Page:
Drawing on Gilles Deleuze's work on Michel Foucault, control societies and cinema, Laurent Cantet's L'Emploi du temps is analysed as a cartographic rendering of post-Fordist labour. The film creates a pervasive ambiance of liminality and dreamlike disconnection—‘flottement’—around the central character of Vincent in order to convey the affective landscape of post-Fordist immaterial labour (in this case business consultancy). Approaching L'Emploi du temps as a diagram—in Deleuzian terms—of discursive and non-discursive components helps to explain the ways in which the film goes beyond psychoanalytic drama in order to convey a more general sense of a social reality that is frequently problematic and overwhelming for Vincent. Recent work on hypermodernity and the hypermodern self is employed in order to analyse Vincent's behaviour as an example of the kinds of subjectivity produced by control societies. In many cases, the hypermodern individual is fragile, isolated and unpredictable, prone to excessive behaviours and periodic breakdowns. Whereas Cantet's previous film, Ressources humaines, powerfully dramatised a crisis of place, L'Emploi du temps conveys an individual and collective crisis of confidence.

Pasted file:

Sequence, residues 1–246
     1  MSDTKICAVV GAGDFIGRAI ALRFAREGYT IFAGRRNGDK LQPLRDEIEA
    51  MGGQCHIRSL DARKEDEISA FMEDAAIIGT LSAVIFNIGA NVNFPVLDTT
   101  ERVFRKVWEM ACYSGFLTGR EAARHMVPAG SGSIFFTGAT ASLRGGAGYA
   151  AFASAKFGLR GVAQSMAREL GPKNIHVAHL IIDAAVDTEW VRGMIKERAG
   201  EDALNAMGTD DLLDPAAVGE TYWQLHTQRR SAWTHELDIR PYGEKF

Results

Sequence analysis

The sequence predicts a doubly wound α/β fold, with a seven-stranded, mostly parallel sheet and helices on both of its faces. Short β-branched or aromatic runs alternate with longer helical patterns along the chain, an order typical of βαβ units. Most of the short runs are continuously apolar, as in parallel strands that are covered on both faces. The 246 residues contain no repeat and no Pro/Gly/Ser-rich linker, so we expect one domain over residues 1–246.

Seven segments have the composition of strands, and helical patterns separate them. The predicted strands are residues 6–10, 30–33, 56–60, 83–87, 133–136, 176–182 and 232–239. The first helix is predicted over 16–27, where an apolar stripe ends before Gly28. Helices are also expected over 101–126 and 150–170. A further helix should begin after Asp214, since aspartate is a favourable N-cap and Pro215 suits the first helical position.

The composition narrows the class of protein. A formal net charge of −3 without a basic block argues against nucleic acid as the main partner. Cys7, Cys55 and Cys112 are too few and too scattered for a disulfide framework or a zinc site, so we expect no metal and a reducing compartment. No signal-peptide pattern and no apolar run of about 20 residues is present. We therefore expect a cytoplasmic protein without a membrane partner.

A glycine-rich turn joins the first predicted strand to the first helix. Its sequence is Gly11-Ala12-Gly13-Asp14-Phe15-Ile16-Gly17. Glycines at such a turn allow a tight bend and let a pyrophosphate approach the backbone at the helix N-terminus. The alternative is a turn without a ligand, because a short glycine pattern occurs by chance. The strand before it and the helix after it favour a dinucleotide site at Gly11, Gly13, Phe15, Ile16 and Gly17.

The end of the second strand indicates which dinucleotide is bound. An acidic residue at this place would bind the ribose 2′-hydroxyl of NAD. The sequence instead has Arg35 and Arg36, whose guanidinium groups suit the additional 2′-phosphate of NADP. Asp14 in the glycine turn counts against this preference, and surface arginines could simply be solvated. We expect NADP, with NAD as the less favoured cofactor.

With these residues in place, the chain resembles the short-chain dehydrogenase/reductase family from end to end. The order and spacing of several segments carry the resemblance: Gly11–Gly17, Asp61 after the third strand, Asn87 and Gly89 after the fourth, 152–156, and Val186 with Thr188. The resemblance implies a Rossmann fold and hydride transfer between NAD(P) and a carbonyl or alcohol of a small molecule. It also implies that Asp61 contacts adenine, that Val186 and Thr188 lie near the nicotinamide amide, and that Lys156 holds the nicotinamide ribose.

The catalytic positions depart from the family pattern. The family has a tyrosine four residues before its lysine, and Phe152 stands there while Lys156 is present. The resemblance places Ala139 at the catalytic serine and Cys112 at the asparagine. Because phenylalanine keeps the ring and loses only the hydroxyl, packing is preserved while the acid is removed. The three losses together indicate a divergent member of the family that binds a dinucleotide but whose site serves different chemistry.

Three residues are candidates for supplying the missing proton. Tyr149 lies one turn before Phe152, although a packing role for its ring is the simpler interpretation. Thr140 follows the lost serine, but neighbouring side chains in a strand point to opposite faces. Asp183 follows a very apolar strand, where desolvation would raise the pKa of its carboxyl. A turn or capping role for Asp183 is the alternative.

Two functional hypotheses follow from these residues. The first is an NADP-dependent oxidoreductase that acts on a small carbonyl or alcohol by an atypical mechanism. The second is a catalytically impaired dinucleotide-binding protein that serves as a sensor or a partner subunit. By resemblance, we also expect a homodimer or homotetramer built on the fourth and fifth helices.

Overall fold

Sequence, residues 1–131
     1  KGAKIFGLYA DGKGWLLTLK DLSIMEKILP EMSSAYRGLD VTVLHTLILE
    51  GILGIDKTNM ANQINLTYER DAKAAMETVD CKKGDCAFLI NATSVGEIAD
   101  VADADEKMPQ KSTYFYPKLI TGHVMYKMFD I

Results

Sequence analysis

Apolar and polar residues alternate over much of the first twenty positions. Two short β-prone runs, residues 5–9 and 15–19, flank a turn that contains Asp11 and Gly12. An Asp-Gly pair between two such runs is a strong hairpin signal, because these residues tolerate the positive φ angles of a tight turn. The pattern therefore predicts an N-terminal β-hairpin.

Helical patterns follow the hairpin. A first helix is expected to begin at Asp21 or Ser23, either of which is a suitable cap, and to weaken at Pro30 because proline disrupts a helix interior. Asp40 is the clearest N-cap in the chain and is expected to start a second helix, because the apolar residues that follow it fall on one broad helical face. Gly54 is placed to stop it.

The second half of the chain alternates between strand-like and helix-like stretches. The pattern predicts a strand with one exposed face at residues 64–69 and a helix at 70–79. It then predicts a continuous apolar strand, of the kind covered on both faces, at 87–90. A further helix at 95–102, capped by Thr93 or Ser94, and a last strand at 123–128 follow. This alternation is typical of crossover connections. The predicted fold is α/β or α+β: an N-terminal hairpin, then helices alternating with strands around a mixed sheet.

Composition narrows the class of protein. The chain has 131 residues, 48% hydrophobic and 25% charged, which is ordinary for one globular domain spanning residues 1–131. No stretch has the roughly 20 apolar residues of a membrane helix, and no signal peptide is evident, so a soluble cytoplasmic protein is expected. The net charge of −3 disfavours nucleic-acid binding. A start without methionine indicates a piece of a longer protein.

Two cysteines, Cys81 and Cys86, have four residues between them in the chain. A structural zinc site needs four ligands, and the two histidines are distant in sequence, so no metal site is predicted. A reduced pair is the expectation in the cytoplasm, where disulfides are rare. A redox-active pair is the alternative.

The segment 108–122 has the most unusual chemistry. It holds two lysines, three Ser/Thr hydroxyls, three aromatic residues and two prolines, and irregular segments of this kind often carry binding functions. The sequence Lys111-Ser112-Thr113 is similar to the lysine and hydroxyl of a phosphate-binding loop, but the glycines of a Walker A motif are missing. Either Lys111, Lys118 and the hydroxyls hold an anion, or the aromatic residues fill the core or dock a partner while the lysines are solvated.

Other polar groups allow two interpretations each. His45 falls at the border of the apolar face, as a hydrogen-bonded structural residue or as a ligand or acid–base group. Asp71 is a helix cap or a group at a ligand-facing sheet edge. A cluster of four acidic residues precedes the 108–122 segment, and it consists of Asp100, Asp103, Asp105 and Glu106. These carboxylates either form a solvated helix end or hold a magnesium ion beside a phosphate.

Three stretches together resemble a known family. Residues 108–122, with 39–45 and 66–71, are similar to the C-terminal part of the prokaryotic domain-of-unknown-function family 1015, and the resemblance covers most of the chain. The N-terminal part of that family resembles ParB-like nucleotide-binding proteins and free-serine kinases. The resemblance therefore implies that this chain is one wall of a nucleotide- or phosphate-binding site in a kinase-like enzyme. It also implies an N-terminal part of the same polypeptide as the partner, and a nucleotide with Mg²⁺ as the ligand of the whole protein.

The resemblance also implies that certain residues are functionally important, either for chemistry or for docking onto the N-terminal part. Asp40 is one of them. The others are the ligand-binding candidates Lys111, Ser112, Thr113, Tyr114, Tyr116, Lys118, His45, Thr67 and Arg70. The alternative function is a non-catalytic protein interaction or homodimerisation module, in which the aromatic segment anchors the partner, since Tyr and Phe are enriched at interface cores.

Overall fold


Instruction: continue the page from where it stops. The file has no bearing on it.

Marks, J. (in press). ‘Ça tient qu'à toi’: cartographies of post-fordist labour in Laurent Cantet's L'Emploi du temps. Modern and Contemporary France, 19(4), https://doi.org/10.1080/09639489.2011.610166